This is the first book I've read set during the Spanish Civil War. Two Scottish young women, Charlotte and Libby, go to Spain to work as nurses with the International Brigade. They become involved with Rosita, a young Spanish woman. The book goes back and forth between the time of the Civil War and 50 years later when Libby's granddaughter tries to solve the mystery of a small oil painting she finds in her Libby's attic. On the back of the painting is a letter written from a Spanish prison by a This is the first book I've read set during the Spanish Civil War. Two Scottish young women, Charlotte and Libby, go to Spain to work as nurses with the International Brigade. They become involved with Rosita, a young Spanish woman. The book goes back and forth between the time of the Civil War and 50 years later when Libby's granddaughter tries to solve the mystery of a small oil painting she finds in her Libby's attic. On the back of the painting is a letter written from a Spanish prison by a woman moments before she's led away to the firing squad. I found the characters of the women well portrayed as well as that of the men in their lives. I can't say I saw the ed coming but I liked it.

  24. 5 out of 5

    Melba Hard

    Women at war. I have read several books set during the Spanish civil war, this one tels it from the women's aspect, both Scottish and Spanish and though it does cover some of the more horrible moments does not portray the horror of being caught up in the action.. There is also more to the story as a grand daughter tries to find out about her grandmothers story during these troubled times which you need to read right to the end to discover. A tale of brave women (and men) and a mystery that keeps yo Women at war. I have read several books set during the Spanish civil war, this one tels it from the women's aspect, both Scottish and Spanish and though it does cover some of the more horrible moments does not portray the horror of being caught up in the action.. There is also more to the story as a grand daughter tries to find out about her grandmothers story during these troubled times which you need to read right to the end to discover. A tale of brave women (and men) and a mystery that keeps you guessing right to the end.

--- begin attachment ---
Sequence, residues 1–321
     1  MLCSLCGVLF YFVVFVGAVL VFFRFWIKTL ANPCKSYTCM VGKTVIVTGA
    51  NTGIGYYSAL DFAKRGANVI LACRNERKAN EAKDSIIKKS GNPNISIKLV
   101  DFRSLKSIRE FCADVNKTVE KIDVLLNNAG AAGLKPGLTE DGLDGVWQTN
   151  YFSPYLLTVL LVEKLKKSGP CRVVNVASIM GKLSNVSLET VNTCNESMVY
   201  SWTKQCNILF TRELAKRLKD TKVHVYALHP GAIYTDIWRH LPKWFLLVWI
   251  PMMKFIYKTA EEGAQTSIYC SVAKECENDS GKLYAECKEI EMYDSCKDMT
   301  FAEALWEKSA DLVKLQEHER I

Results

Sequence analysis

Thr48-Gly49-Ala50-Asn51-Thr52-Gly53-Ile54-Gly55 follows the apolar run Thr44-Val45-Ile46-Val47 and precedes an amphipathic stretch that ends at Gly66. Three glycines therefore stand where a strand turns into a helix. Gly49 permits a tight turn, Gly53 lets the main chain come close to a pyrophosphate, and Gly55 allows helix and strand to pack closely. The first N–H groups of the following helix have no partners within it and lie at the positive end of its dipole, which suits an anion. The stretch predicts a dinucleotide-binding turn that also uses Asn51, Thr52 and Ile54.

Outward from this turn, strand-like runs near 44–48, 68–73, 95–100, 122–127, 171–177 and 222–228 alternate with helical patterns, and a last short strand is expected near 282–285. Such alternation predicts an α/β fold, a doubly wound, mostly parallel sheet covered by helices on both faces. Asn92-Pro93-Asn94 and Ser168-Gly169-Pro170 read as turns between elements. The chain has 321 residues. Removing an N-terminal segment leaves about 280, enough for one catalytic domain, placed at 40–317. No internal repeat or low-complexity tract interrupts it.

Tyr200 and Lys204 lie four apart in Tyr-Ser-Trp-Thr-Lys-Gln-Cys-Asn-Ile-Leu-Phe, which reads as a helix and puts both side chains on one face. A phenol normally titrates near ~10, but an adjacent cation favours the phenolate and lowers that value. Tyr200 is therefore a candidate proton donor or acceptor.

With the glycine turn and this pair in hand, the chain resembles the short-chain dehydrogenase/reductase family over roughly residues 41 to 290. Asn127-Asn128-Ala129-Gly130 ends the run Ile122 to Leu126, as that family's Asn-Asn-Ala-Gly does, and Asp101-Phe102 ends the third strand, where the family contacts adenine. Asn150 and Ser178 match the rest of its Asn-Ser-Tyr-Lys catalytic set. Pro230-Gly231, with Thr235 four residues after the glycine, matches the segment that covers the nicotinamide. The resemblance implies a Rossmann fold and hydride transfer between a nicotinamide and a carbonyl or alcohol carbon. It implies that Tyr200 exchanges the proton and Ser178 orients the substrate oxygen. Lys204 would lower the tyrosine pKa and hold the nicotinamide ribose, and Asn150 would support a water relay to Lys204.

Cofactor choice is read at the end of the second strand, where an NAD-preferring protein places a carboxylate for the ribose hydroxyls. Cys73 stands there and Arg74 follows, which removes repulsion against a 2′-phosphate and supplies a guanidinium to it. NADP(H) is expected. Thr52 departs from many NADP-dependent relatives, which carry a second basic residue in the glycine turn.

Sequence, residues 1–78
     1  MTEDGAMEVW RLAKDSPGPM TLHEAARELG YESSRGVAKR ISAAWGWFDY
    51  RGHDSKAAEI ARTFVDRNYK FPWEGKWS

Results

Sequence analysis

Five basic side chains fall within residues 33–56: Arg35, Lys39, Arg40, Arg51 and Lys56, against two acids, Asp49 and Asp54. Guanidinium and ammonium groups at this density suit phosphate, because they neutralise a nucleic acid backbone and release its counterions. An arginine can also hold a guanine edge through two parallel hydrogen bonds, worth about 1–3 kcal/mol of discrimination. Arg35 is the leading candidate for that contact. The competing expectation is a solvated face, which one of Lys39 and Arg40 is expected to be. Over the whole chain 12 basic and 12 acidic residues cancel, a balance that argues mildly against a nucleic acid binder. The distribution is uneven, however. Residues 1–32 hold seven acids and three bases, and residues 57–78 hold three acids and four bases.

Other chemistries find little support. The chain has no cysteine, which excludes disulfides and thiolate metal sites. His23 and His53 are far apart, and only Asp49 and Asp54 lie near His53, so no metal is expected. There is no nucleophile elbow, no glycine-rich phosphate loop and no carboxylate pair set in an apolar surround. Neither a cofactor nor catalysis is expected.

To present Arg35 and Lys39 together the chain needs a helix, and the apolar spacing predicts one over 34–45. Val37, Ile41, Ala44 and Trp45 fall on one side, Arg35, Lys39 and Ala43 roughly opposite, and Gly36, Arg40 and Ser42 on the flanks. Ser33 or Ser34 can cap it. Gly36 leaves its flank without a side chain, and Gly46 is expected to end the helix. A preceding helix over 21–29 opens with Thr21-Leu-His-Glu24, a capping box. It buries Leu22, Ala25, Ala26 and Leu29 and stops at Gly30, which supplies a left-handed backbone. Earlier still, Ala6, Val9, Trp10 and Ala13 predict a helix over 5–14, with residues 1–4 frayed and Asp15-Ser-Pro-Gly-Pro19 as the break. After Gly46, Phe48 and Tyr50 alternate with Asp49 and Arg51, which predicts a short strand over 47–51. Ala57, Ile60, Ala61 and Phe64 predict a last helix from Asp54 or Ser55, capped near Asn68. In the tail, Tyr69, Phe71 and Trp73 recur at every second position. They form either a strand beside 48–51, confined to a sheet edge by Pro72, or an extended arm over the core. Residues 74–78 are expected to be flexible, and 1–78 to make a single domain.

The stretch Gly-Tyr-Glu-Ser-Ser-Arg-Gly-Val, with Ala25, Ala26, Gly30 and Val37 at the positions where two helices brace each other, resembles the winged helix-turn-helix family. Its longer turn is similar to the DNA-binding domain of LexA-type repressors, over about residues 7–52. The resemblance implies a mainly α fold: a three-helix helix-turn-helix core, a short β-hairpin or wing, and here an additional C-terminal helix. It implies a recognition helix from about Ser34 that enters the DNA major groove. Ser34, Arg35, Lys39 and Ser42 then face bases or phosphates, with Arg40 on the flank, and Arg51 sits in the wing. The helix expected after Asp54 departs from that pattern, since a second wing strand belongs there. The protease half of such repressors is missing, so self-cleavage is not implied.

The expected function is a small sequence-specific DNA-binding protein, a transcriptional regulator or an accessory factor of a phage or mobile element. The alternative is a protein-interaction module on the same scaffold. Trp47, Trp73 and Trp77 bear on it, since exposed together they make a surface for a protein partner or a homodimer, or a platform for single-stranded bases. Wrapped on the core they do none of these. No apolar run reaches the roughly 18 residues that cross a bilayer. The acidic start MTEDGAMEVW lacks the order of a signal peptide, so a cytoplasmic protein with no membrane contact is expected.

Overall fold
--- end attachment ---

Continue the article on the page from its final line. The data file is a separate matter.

25. 5 out of 5

    Mary Barrett